Proliferation of shallow-water radiolarians coinciding with enhanced oceanic productivity in reducing conditions during the Middle Permian, South China: evidence from the Gufeng Formation of western Hubei Province
Shi et al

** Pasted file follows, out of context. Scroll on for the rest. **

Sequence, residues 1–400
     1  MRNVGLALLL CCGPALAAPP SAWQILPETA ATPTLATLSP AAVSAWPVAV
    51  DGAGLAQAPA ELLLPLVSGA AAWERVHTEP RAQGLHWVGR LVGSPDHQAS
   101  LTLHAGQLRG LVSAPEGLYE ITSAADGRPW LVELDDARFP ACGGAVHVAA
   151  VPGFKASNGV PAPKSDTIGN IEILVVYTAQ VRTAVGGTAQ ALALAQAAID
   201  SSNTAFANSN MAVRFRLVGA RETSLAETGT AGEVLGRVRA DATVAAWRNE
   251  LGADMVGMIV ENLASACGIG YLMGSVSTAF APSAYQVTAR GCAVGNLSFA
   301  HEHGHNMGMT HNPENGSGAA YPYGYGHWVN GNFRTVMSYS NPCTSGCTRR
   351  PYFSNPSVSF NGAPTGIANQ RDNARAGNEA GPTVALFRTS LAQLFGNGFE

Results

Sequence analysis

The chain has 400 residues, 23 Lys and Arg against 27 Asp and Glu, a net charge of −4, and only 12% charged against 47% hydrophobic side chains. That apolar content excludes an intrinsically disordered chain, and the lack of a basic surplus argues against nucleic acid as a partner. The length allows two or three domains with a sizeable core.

The Middle Permian is a critical period when a possible cooling regime prevailed and massive deep-water cherty sediments were deposited in the South China Craton. An integration of radiolarian paleoecologic and geochemical studies from the Middle Permian Gufeng cherty succession of western Hubei Province, South China tests the relationships among oceanic productivity, redox conditions, and radiolarian responses as well as origin of the cherts. A total of 21 species and six undetermined species in 10 radiolarian genera are identified from the Gufeng Formation in the northern margin basin of the Yangtze Platform of the South China Craton. Three radiolarian Pseudoalbaillella globosa, Follicucullus monacanthus, and Follicucullus scholasticus zones were established and constrained the Gufeng Formation as Roadian to Middle Capitanian in age. The Gufeng cherts embrace a biologic and hydrothermal origin in the northern marginal basin and southern margin basin (the Nanpanjiang Basin) of the South China Craton, respectively. The high oceanic primary productivity in surface oceans resulted in the widespread reducing conditions in the bottom water column. Such high oceanic productivity event slightly predated the Middle Permian Kamura cooling event of the Panthalassian Ocean. Both the elevated continent weathering due to pre-eruptive crustal uplift of the Emeishan flood volcanism and active oceanic upwelling may have stimulated high oceanic productivity and facilitated the deposition of the Gufeng cherts. All radiolarians bloomed in relatively oxic conditions. Only shallow-water radiolarians, mainly spherical forms, proliferated in the reducing conditions, which also coincided with an enhanced oceanic productivity. The abundance of spherical radiolarians therefore is an ideal proxy indicating oceanic primary productivity.